Not surprisingly, in the above, contrived situation the authors can show underdominant behavior. When the frequency of the rnai-rescue chromosome reaches some frequency that depends on the relative fitness costs associated with being heterozygous and homozygous for the chromosome (but only in the presence of a actin-gal4, the benefits of being homozygous for the rnai-rescue chromosome outweigh the benefits of carrying a wildtype chromosome (which at this point finds itself in unfit heterozygotes most of the time) and the uas-rnai-rescue chromosome drives to allele fixation. Below this threshold the chromosome disappears from the population.
Again, the paper must be rejected because they have simply not created a driving underdominant chromosome that can drive itself into a wildtype population. It is remarkable that the authors believe that they can get away without generating a simple three gene construct in a model organism such as drosophila, that would show drive.
In thinking about why the authors might not have done such an obvious and essential experiment one can only conclude that they probably tried but were unable to generate the relevant transformant. There is probably a very good reason for this, and it relates to the reason why no underdominant gene drive systems have ever been created using modern genetic engineering techniques: It is very hard (if not impossible) to generate the initial unfit heterozygote, which will ultimately give rise to the more fit homozygote. Unfortunately, without a demonstrated solution to this problem all engineered underdominance systems are so much hot air. They look good on paper, but in fact cannot be generated in actual living organisms.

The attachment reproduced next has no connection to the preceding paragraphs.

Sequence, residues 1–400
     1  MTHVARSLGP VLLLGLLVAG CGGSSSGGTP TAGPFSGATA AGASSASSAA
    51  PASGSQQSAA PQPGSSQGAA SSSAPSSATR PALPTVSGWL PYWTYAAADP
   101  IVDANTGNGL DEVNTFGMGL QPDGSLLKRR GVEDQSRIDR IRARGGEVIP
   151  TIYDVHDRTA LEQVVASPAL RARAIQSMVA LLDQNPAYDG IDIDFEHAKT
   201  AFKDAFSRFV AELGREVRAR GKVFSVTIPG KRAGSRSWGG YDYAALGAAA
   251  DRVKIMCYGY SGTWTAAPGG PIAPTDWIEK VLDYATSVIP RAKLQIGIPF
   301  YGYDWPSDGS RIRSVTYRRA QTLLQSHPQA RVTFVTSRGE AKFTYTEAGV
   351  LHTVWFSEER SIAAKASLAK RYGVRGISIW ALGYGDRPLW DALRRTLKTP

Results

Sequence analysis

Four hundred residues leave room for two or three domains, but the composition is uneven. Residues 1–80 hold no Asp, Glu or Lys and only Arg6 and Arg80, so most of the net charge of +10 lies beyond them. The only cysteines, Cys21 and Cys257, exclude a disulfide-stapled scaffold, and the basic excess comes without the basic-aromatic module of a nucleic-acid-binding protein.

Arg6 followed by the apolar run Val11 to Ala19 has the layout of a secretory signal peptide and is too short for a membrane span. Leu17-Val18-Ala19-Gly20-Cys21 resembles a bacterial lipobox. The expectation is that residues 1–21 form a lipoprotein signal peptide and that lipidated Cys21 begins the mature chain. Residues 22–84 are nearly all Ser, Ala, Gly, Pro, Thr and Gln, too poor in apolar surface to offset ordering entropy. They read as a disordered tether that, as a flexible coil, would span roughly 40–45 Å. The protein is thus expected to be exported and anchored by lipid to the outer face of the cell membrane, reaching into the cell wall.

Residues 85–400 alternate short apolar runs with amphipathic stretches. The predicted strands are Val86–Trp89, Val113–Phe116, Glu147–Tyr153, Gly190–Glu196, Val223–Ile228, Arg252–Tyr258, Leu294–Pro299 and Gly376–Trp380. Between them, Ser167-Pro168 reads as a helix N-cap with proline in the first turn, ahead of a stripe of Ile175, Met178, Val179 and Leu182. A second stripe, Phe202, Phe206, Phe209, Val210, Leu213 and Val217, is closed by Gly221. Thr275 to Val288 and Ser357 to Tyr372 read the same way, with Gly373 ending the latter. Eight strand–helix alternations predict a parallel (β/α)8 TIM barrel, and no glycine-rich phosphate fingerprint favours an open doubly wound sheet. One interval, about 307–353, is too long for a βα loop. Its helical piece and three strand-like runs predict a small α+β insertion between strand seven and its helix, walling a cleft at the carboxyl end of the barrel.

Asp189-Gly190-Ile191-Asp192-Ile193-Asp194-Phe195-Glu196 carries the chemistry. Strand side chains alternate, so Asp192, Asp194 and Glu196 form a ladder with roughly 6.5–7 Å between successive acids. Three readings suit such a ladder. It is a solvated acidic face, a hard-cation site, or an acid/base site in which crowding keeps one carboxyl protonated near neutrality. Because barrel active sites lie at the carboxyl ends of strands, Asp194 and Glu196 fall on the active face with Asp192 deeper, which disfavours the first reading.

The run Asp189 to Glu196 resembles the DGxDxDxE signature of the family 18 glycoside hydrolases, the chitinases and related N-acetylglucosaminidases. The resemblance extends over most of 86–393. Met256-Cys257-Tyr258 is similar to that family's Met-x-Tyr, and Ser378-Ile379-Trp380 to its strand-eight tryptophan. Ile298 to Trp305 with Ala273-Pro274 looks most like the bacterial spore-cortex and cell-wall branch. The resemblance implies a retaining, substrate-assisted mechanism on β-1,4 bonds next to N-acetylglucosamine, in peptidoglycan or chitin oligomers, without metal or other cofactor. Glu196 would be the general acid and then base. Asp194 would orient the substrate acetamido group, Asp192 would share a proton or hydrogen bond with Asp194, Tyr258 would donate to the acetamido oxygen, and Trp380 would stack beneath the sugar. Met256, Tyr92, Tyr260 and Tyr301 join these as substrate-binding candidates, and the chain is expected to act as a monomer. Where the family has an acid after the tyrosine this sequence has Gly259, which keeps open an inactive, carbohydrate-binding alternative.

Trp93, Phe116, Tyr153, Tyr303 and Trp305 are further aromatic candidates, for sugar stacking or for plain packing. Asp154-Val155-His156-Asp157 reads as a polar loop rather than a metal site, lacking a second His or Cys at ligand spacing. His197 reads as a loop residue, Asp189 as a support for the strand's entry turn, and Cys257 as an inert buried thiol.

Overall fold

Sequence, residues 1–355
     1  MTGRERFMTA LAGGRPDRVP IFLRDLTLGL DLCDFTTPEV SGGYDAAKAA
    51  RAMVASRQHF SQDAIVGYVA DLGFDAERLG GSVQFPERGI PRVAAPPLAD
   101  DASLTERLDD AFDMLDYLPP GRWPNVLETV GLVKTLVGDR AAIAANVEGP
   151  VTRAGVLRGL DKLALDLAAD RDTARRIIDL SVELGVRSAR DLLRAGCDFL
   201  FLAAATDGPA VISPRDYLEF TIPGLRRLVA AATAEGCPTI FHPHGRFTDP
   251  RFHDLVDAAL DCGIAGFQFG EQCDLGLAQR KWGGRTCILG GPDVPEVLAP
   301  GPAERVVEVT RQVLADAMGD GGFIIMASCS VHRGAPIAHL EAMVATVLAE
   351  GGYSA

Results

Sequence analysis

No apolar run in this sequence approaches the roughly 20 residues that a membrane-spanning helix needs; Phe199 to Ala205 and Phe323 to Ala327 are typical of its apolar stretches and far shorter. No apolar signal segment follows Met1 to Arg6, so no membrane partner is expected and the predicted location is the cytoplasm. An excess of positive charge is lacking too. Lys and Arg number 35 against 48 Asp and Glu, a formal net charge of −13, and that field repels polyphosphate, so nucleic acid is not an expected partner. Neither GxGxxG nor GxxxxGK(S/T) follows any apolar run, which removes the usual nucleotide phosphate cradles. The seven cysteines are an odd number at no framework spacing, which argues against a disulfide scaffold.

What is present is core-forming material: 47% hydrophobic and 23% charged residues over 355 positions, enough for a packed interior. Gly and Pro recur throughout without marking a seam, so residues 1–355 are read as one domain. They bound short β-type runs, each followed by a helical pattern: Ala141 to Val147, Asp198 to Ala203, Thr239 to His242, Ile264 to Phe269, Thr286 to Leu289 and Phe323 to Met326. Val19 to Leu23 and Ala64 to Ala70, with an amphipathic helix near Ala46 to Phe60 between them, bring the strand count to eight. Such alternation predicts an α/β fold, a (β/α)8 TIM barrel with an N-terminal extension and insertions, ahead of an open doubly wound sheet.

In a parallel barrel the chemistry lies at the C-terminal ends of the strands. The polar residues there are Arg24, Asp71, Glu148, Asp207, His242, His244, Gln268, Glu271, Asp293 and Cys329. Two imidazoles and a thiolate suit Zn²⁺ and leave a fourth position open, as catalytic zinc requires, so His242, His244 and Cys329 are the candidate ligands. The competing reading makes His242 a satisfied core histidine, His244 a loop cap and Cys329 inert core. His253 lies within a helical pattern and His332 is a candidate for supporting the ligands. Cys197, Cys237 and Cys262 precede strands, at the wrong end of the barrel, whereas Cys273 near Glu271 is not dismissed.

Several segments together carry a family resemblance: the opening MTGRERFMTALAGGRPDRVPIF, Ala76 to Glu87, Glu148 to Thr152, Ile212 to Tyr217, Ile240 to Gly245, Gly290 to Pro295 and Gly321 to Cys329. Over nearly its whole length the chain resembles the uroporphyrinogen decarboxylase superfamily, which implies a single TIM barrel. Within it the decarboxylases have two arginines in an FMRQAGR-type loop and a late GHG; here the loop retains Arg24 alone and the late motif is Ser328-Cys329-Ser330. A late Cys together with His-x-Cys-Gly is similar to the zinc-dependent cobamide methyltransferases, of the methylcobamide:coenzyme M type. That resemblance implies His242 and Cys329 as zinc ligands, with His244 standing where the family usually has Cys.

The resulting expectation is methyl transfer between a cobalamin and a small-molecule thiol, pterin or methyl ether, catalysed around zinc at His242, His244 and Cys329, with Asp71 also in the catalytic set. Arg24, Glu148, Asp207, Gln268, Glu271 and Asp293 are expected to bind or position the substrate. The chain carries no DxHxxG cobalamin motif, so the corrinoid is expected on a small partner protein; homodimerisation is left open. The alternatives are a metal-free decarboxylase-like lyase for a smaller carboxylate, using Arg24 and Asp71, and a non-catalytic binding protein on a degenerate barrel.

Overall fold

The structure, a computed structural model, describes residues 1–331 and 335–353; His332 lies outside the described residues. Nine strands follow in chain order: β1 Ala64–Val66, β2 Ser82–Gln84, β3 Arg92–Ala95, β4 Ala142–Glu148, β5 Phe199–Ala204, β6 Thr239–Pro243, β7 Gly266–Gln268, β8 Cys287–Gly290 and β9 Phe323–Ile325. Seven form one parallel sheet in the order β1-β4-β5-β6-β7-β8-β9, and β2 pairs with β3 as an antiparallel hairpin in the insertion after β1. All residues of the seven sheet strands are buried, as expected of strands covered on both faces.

For the record, our plan from the beginning was to try different expression patterns of the RNAi "poison" using the GAL4/UAS system to see what expression pattern resulted in the best underdominance properties. The first expression driver we tested, act5c-GAL4, worked so well that we immediately wrote up and submitted our results for publication. To get a single locus system the act5c-GAL4; UAS-RNAi could be substituted with act5c-RNAi to remove the GAL4-UAS middleman. However, this seemed so trivial we didn't consider it important in reporting our first results. The hemizygous (single insert) individuals are viable and fertile and in fact we used them in crosses to generate homozygous individuals with an alternatively marked GFP system. Anyway, tested objective scientific facts seem to fall secondary to dogmatic subjective opinions (see above), even in the scientific literature. How much, from other studies, is modern research missing out on?
The reviewers seem to have wanted us to repeat the experiments in Drosophila with a single insert. However, (a fact of modern science) we have moved on to new job positions in different labs and Drosophila was only used as a convenience to arrive at, in a timely manner, some definitive results. We want to move quickly to our real target, mosquitoes and other species. In the longer view it is a waste of time to back up and try to make the reviewer happy (which is obviously a lost cause from the start). But, unfortunately, reviewers like this are all too common (I am restraining myself from providing additional examples) and delay or prevent getting published and getting necessary funding to continue the research.